In a nutshell, that means that a $100M size fund must return approximately $300M in order to generate the expected level of returns of a Top tier fund! So, knowing that for an early stage venture capital fund, one can expect it owning on average 20% of any given company in a portfolio of around 15 companies (for a $100M size fund), this would translates into $1.5 billion of aggregate portfolio enterprise value at exit, or $150M in cumulative EBITDA based on a 10x EBITDA exit valuation, needed to generate those type of returns. That’s pretty demanding! Managing expectations also sets the bar as regards the type of actions that will be put forward to achieve those expectations. Maybe it’s time we set an aggressive but achievable bar that would benefit the whole industry, no?
Reality is that entrepreneurs operate in a living “Ecosystem” that feeds itself by growing and building new connection. No party can do it alone! The community feeds itself off its own growth. High growth technology companies need venture capital to succeed and the venture capitalists need to back successful entrepreneurs to generate strong returns. Not only do we need to have better return expectations for venture capital funds, we also need better collaboration within the community to build networks strong enough to support promising technology companies and deliver high shareholder value.

The more successful entrepreneurs are, the more successful venture capital funds will be, leading in turn to more funding for entrepreneurs.

We have to learn how to expect more and know how to get more. Yes, funds and large institutional investors like pension funds and insurance companies should expect better returns from their venture capital investments. The last 10 years of Canadian venture capital returns represent -0.2%, yet expectations were in the unrealistic + 30% range, while solid manageable returns should be more in the 15% level. Large institutional investors can help themselves achieve such realistic returns by selecting fund managers with entrepreneurial backgrounds and experience with building successful companies. Managers who think and act like the entrepreneurs they back are better suited to select the ones who understand how build a successful start-up and have the most chances of succeeding.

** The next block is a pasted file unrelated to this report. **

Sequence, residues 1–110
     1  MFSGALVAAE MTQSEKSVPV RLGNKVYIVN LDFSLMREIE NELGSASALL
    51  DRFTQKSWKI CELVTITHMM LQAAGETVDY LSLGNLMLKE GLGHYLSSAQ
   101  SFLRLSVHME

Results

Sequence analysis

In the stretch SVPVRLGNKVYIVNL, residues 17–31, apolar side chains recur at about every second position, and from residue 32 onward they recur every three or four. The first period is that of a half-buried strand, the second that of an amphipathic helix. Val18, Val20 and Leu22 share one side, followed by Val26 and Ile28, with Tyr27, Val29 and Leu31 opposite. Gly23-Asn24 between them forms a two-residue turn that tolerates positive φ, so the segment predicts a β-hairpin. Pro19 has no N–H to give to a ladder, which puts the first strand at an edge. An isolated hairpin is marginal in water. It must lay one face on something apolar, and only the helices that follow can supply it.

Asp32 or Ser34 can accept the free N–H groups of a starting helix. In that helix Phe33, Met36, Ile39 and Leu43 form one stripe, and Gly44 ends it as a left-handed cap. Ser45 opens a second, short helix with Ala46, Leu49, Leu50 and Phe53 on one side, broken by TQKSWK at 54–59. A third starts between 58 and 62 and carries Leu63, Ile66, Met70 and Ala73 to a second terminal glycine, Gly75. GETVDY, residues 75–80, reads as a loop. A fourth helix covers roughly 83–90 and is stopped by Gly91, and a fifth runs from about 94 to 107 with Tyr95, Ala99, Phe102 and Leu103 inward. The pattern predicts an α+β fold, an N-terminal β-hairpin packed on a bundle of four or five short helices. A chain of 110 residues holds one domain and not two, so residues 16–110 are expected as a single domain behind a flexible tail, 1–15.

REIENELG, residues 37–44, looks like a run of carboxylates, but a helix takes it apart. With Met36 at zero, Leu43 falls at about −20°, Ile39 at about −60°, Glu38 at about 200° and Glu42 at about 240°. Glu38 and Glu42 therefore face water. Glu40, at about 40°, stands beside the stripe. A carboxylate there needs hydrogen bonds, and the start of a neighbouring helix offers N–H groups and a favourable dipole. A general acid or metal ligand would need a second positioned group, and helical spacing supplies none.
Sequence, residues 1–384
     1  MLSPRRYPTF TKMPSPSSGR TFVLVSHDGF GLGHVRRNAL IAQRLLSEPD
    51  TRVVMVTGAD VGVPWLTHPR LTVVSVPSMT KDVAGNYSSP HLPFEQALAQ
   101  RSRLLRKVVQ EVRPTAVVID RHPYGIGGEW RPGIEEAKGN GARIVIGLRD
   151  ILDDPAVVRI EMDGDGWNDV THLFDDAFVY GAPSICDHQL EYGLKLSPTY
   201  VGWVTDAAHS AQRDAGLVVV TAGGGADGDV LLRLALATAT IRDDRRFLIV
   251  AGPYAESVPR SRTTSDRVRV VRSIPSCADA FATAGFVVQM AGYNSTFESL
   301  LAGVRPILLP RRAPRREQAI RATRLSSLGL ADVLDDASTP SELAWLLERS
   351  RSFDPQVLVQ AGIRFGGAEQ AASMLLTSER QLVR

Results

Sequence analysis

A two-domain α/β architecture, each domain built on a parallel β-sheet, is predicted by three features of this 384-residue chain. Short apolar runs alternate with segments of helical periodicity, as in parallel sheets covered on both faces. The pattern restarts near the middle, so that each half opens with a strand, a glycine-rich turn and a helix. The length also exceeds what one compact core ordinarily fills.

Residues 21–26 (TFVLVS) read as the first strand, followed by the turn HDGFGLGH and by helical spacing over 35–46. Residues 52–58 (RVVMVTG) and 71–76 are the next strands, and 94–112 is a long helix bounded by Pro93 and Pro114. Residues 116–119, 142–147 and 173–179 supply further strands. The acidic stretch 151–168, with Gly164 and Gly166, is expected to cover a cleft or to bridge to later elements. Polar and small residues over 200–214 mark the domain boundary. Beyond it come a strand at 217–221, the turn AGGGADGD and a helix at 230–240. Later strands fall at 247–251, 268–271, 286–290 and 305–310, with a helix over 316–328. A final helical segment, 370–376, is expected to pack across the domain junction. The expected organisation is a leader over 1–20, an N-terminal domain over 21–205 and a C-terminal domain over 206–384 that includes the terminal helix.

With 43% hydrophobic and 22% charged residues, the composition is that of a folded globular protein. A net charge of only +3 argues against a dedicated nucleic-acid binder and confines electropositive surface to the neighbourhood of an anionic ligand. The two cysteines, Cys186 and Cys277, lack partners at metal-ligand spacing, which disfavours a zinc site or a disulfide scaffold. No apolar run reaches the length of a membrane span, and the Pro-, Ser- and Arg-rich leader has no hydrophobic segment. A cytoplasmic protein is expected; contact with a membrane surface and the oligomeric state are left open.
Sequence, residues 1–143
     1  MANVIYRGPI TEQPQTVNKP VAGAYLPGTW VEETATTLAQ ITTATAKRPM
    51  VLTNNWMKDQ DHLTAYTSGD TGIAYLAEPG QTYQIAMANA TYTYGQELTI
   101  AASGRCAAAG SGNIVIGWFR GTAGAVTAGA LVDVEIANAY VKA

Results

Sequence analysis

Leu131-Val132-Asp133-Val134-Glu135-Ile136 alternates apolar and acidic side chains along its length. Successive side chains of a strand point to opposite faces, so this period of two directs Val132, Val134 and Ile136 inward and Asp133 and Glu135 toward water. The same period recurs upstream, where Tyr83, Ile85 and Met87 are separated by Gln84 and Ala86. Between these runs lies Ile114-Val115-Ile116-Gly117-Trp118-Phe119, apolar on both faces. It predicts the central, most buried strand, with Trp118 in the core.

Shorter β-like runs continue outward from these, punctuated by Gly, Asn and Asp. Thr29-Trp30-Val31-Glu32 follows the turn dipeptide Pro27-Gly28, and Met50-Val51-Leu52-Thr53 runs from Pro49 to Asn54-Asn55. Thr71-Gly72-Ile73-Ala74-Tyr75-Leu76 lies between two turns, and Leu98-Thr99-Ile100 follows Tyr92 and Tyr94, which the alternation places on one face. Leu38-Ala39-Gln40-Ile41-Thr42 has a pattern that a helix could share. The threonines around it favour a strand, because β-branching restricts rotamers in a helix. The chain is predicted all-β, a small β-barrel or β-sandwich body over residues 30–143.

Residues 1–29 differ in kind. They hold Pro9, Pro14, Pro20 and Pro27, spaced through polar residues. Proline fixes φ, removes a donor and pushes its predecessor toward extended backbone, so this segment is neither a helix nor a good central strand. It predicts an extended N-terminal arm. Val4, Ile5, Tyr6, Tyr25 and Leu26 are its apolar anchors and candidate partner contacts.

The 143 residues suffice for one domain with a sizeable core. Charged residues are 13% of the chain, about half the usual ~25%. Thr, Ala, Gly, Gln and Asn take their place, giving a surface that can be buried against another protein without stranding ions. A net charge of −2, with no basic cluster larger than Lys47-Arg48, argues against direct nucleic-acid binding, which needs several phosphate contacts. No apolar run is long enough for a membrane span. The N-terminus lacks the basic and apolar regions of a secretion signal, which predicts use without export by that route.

Likewise, entrepreneurs should expect more from themselves, their teams and their investors. Entrepreneurs need to understand what is expected from the capital they raise and they can do this by selecting the right potential investors and doing due-diligence on them, by understanding the ecosystem they are operating in and making sure they surround themselves with people who are stronger than themselves, and generate stronger returns by setting themselves up for success.